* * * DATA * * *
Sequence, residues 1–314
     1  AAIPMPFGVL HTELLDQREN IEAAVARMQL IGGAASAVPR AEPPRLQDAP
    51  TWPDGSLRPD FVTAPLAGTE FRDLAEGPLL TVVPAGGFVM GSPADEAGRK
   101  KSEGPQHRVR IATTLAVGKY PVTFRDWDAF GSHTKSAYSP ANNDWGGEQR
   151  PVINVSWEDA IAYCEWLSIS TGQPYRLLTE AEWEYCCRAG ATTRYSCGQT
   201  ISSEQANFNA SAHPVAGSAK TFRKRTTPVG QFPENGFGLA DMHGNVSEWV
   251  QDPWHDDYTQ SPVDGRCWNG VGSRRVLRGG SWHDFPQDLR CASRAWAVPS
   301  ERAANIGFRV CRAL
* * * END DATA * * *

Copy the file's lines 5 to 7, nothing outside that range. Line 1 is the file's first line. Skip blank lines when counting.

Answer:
   151  PVINVSWEDA IAYCEWLSIS TGQPYRLLTE AEWEYCCRAG ATTRYSCGQT
   201  ISSEQANFNA SAHPVAGSAK TFRKRTTPVG QFPENGFGLA DMHGNVSEWV
   251  QDPWHDDYTQ SPVDGRCWNG VGSRRVLRGG SWHDFPQDLR CASRAWAVPS